What the police must prove

In order for the State to be successful in their application at Court, it must show the following:

  1. It made an application to the Supreme Court for a Pecuniary Penalty Order against the Respondent; AND
  2. The Supreme Court granted that application; AND
  3. It made application to the Supreme Court to enforce that Proceeds Assessment Order against property owned by some person other than the Respondent to the PPO; AND
  4. It gave written notice to the Respondent to the PPO and all other persons whom have an interest in the property that the State seeks to enforce the Pecuniary Penalty Order against; AND
  5. That it is reasonable to suspect that Respondent to the PPO had effective control over the property as:
    • (a) the property was held by the other person for the ultimate benefit of the Respondent to the PPO; OR
    • (b) the Respondent to the PPO had given that property to the other person as a gift during the 6 year period prior to the application for a Restraining Order being made; OR
    • (c) the Respondent to the PPO in effect, had control over property.

Maximum penalty

The application is for the enforcement of a Pecuniary Penalty Order (PPO) against property that is not in the name of the Respondent to that PPO. If the application is successful, the Court will make orders that:

  1. The prescribed property is under the effective control of the Respondent that has a Pecuniary Penalty Order (PPO) against them;AND
  2. The prescribed property be used to satisfy the debt of the Respondent to the State pursuant to that Pecuniary Penalty Order (PPO).

The effect is that even where the property is not in the name of the Respondent, it can still be used to satisfy the debt to the State where the Court finds that the property was under the effective control of the Respondent.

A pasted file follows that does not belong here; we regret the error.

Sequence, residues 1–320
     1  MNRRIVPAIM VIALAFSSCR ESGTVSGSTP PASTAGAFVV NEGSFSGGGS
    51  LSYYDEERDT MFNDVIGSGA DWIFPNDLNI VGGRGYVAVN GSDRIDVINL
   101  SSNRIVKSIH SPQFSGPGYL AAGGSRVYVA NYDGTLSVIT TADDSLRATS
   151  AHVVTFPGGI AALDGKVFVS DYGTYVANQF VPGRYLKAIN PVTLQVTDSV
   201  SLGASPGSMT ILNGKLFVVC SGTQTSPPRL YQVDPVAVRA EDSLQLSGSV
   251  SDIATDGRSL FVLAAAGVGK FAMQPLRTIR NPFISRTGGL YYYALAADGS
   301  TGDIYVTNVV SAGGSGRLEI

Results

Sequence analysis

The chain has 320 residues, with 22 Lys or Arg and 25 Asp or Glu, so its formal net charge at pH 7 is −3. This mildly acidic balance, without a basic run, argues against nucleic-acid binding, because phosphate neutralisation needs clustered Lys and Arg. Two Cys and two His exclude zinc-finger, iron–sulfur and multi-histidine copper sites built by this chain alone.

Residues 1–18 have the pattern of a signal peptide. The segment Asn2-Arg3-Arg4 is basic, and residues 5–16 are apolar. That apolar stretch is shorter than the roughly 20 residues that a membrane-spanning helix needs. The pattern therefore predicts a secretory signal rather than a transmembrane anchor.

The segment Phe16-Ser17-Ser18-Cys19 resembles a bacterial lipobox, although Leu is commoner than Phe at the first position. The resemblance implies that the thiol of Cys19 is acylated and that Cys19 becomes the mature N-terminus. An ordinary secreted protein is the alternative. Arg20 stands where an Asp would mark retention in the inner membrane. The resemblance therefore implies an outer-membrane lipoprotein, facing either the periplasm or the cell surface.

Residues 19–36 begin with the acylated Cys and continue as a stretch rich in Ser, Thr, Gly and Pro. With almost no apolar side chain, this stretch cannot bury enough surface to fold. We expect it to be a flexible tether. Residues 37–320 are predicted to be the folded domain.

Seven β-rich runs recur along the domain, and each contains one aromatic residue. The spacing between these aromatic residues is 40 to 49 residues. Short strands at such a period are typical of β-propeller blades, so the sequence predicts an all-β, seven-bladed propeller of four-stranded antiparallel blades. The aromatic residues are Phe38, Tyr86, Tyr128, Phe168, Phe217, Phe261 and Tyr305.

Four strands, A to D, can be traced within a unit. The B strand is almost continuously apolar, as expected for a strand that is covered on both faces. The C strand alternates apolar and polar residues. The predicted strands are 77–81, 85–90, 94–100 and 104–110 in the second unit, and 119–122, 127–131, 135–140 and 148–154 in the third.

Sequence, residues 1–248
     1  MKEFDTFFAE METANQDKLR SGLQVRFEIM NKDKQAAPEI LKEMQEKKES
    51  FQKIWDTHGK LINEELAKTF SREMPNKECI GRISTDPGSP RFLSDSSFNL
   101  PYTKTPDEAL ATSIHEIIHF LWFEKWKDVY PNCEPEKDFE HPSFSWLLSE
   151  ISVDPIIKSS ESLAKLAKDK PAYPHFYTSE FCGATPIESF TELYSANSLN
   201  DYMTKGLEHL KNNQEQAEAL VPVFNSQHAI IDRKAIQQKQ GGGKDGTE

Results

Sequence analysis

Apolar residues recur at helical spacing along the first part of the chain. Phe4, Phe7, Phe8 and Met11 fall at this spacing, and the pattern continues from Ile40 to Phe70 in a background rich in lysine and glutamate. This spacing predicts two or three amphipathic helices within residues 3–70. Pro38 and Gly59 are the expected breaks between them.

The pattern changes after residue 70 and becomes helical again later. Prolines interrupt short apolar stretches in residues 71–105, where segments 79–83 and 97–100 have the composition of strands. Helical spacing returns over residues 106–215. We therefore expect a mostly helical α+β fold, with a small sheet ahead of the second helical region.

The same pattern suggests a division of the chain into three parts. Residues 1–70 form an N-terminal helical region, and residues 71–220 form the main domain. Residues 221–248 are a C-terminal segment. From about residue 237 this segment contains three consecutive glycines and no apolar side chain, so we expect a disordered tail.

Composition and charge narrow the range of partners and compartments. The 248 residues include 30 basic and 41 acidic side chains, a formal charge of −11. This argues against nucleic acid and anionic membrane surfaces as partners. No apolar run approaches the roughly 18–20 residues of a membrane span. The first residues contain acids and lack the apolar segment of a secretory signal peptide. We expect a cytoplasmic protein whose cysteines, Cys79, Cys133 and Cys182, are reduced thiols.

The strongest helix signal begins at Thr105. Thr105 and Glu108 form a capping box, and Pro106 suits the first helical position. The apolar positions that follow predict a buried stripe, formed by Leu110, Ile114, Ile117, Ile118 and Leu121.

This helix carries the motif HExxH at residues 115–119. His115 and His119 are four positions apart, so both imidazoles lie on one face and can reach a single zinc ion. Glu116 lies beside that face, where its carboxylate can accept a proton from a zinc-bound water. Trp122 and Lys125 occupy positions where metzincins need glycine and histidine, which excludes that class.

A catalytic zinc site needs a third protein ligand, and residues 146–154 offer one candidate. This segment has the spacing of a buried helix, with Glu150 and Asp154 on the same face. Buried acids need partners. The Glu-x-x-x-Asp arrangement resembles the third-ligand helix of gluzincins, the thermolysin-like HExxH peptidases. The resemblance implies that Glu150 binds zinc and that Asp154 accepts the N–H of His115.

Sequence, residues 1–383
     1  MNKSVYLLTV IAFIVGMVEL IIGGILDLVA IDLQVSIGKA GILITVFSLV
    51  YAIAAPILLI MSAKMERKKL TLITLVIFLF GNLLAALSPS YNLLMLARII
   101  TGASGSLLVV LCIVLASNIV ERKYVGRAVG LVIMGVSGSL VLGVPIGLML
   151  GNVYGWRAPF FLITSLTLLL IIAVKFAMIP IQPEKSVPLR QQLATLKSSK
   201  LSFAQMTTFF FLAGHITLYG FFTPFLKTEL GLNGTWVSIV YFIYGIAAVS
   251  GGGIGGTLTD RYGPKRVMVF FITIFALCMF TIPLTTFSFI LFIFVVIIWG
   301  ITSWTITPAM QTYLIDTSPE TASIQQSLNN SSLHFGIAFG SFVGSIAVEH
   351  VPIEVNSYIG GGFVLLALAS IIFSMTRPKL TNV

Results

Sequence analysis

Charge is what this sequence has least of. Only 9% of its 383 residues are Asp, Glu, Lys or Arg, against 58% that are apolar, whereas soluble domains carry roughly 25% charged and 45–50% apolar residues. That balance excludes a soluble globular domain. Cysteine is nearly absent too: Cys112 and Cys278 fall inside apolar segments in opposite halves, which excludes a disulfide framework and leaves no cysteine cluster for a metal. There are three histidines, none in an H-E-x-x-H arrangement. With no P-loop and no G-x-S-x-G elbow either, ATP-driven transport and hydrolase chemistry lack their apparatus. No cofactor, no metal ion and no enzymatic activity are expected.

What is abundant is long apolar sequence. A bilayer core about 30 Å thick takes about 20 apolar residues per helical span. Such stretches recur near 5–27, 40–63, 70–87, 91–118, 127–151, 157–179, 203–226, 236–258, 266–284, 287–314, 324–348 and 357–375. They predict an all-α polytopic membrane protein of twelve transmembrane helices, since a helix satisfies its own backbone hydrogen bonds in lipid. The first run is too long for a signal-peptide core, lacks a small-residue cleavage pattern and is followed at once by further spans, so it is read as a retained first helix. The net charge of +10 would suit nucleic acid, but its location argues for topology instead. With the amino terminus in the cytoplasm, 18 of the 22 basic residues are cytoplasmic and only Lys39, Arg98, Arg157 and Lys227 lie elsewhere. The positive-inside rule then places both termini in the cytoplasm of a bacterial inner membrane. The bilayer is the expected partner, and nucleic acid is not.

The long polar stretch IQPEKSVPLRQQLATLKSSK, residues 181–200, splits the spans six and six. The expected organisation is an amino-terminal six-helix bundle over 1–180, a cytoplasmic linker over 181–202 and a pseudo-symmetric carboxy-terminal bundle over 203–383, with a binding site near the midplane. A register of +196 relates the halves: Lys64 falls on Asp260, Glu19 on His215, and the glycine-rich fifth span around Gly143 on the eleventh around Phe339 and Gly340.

If the application is unsuccessful, the property will not be made available to the State in order to satisfy the Respondent's debt pursuant to the PAO.

Note that the absence of any interested person (i.e. anyone with an interest in the prescribed property) will not prevent the Court from making an order against the prescribed property.

Which court will hear the matter

The application will be heard in the Supreme Court.

Possible defences

There are no defences to this application, but rather grounds upon which a person can oppose the application or at least the alleged amount sought in the application. Possible grounds to oppose this application include:

  1. The Respondent to the PPO or the property owner was not given reasonable notice of the application (note this would really only buy you more time to prepare your opposition).
  2. The Respondent to the PPO did not have effective control of the property as:
    • (a) the property was not held by the other person for the ultimate benefit of the Respondent to the PPO; OR
    • (b) the Respondent to the PPO did not give that property to the other person as a gift during the 6 year period prior to the application for a Restraining Order being made; OR
    • (c) the Respondent to the PPO did not in effect, have control over property.
  3. The property was derived from legitimate sources.
  4. The property was accumulated prior to or after the relevant 6 year period.